Damaged and destroyed structures are apparent throughout the path of the tornado, which hit Camp Arrowhead on Highway 6 particularly hard. Mitch Olson, a member of the camp's board, said of 23 buildings on the grounds, just four did not sustain damage. Olson estimated as many as 500 trees came down in the storm.
"Luckily, nobody was here at the camp," Olson said. "Pretty much the entire campground was wiped out of trees."
Olson said they will have to cancel a few upcoming camps at the grounds, although the plan is for cleanup to be completed by the largest one planned for the beginning of August.
"We have had 30 different volunteers here all week, cleaning up and moving," Olson said.
The board organized a fundraising effort to support the cost of tree removal, which is not covered as part of the camp's insurance policy. Visit www.gofundme.com/2at7s6k to donate to the cleanup efforts.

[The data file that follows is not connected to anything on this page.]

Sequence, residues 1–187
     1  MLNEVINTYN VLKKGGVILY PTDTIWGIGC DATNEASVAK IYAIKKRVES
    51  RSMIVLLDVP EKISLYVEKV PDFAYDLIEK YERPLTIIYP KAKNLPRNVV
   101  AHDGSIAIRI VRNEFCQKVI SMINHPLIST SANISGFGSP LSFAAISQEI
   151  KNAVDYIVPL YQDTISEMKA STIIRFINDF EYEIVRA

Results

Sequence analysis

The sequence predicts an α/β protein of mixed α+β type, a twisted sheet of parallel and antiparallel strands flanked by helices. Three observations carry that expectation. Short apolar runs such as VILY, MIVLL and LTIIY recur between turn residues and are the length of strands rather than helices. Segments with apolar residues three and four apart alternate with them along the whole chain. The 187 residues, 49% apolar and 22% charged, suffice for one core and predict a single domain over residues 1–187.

Another nearby camp, the Clearwater Forest Camp, fared better from Sunday's storm. Executive Director Rich Swartwood said about 15 trees were lost and power was out for 21 hours. More than 100 people were staying at the camp during the storm. Generators kept freezers up and running and lake water was used to flush toilets, Swartwood said.
Over at Ruttger's Bay Lake Lodge, Marketing Director Renee Ashmore said the resort mainly sustained damage to its 18-hole golf course, The Lakes. Approximately 200 trees were uprooted or shorn off, she said, but luckily, the course didn't miss a beat.
The course was obviously closed Sunday during the storm, Ashmore said. But hardworking crews were able to open the front nine holes of the course by noon on Monday and had the full 18 holes available for play by Tuesday afternoon.